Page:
Most nomadic tents are circular, the circle being the simplest, stable structure and also arguably the most beautiful, no corners to break up the continuity of curve, and for the energy to get stuck. The Native Americans have a saying that ‘the devil lives in corners’, probably originating when they were forcibly moved out of their tipis, into square stone houses on reservations.
Every time someone enters a yurt for the first time, and I still have this even after 14 years of making them, there is what I call the ‘cathedral moment’, when entering the circular space and the eyes rising to the central roof wheel with the sky opening above.
And as the late Bill Coperthwaite, the first person to make a yurt in the West, said, “there is something indescribably beautiful about the view from a round window”.
Obviously in yurt-making we work with circle geometry a lot. At the simplest level, we calculate the circumference from the radius or diameter (2πR or πD), and floor surface area (πr2). We work out the spacing of gaps in the wheel based on the number of rafters, size of yurt based on the gaps between the trellis tops and the number of rafters, window placing with numbers on a clock etc (There is a lot of backwards and forwards between metric and imperial measurements as we talk about a 20 ft yurt but work in metric so to get from feet to metres divide by 3.28 and from metres to feet x3.28).
Why do we find circles so inuitively beautiful? In a 1921 study conducted by the Swedish psychologist Helge Lundholm, subjects were asked to draw lines representing a set of emotional adjectives. While angular lines were used to depict adjectives like hard, harsh and cruel, curved lines were the popular choice for adjectives like gentle, quiet and mild.
And what about the deeper beauty? Once upon a long ago there live Euclid, of Ancient Greece (c. 300BC), who was known as the ‘father of geometry’. His treatise ‘Elements’ is one of the greatest works in the history of mathematics, and is a collection of mathematical definitions, theorems, geometrical constructions, and mathematical proofs. In it he defines a circle as:
Definition 15 (abbreviated): ‘A circle is a figure contained by one line (the circumference) such that the length of all the straight lines (the ‘radii’) falling on it from one point (the ‘centre’) equal one another.
This is a definition as beautifully smile (that should have been ‘simple’ but spellcheck gave me ‘smile’ !) as could be, but mathematicians are extremely subtle and rigorous creatures so it should be noted that a definition such that as this describes what circles ARE, but definitions do not guarantee the existence of the things they define. We won’t however be wandering down that pre-existential corridor here.
From this basic definition, using just Euclid’s ruler and compass one can create endless geometrical beauty. The most basic is the equilateral triangle:
And (once you have constructed a square, also using only ruler and compass – not a trivial thing), we have Square in a Circle. (The lighter lines are construction lines).
And then Square around a Circle
A familiar construction, and ancient symbol, associated with sacred geometry is the seed of life, constructed from overlapping circles, which can be extended infinitely to the flower of life. This symbol has been of particular interest of us as the central structure of our Zodiac Tent, the helix zome, as when looked at from above, you will see the intersecting struts form the flower of life. Here is a blog post from the archives with some references to this.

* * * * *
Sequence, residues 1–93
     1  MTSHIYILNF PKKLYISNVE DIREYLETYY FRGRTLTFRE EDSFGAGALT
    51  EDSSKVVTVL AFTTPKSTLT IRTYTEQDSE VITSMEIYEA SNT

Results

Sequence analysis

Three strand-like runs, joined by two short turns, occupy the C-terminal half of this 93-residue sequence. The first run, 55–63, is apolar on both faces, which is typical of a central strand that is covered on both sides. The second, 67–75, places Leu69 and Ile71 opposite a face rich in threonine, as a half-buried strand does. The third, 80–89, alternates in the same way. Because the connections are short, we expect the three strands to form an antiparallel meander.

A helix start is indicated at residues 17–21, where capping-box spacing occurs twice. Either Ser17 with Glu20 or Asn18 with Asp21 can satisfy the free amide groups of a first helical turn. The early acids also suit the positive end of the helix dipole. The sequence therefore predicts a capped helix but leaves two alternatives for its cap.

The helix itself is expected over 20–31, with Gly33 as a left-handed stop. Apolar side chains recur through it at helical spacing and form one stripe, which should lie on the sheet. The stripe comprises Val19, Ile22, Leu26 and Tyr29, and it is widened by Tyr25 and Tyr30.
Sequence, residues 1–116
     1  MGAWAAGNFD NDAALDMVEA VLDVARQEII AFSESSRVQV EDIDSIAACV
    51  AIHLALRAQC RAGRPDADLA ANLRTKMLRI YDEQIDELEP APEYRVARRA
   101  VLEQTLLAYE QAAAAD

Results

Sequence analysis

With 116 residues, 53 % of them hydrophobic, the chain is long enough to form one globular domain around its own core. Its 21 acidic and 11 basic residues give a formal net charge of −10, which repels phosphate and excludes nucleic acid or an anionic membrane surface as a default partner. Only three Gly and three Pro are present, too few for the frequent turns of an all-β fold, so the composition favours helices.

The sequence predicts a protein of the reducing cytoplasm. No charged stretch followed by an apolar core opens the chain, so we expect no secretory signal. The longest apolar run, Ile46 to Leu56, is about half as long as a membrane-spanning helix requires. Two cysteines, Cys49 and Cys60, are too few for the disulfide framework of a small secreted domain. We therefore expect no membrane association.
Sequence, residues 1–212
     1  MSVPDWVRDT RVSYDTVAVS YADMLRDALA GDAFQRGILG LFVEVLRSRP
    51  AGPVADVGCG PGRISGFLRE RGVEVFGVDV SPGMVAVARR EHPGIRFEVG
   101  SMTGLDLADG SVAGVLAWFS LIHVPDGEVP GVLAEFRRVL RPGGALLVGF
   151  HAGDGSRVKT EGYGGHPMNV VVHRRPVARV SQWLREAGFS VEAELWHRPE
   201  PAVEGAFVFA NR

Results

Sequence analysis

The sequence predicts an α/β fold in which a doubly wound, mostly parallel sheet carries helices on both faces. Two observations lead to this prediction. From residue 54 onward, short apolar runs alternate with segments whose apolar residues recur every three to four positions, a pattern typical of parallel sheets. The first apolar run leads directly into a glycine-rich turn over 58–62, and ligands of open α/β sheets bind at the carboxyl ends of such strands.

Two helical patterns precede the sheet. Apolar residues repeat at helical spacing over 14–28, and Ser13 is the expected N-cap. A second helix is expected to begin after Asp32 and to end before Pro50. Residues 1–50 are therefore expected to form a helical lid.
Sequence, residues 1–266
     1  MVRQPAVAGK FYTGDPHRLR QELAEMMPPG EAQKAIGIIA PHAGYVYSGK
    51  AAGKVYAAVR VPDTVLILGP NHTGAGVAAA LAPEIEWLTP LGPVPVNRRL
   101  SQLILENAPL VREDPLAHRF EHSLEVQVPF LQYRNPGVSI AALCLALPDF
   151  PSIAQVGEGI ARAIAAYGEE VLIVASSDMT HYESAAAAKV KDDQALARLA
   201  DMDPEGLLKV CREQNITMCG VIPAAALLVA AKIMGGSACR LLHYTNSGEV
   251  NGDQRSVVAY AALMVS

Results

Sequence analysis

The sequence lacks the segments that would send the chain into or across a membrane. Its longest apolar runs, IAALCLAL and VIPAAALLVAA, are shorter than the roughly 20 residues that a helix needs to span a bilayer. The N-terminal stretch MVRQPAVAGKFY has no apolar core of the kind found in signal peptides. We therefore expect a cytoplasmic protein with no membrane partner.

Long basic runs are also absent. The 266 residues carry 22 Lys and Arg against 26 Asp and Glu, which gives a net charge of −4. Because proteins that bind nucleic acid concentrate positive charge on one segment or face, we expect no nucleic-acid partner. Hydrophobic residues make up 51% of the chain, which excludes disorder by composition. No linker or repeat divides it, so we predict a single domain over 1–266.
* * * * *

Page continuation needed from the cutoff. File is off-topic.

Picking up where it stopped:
Then, of course we come to the magical number pi, π, originally defined as the ratio of a circle’s circumference to its diameter, it now has various equivalent definitions and appears in many formulas in all areas of mathematics and physics.
Most people know:
C=πD or C=2πR
Less well known is the formula for surface area of a sphere:
And Volume of a sphere is given by
The digits of pi are like gazing into the infinite as it is an infinite series, with no apparent pattern. Infinite series have fascinated mathematicians for centuries.
In 2004 an autistic savant by the name of Daniel Tammet set the record for pi memorization, memorizing 22,514 digits in just over 5 hours. A savant is someone with significant mental abilities, far in excess of average. These people are often defined as having a mental ‘disorder’ such as autism, but I think this definition lacks a magical element, that these people are tapping into a much greater psychic field than is usually accessible. He says he sees the numbers as complex, 3-dimensional landscapes, complete with color, texture, emotion and sound and journeying through this inner landscape, unfolding like a beautiful poem is how he memorises the numbers. I am fascinated by these incredible powers but Tammet explains that the differences between savant and non-savant minds have been exaggerated; autistic thought, he argues, is an extreme variation of a kind of highly rich and complex associative form of thinking and imagination, a kind that we we all use, from daydreaming to the use of puns and metaphors …… maybe if the consensual reality wasn’t as it is, and the education system wasn’t such a sausage factory, and the world was oh so different, more of these magical abilities would emerge, and would become a normal occurence. ‘(If anyone is interested in reading books by Daniel Tammet, who is quite a rare savant with extremely advanced abilities, who is able to describe his inner processes, I can recommend ‘Born on a Blue Day’, ‘Thinking in Numbers: On Life, Love, Meaning and Math’, and ‘Embracing the Wide Sky: A Tour Across the Horizons of the Mind’).
The circle represents the infinite.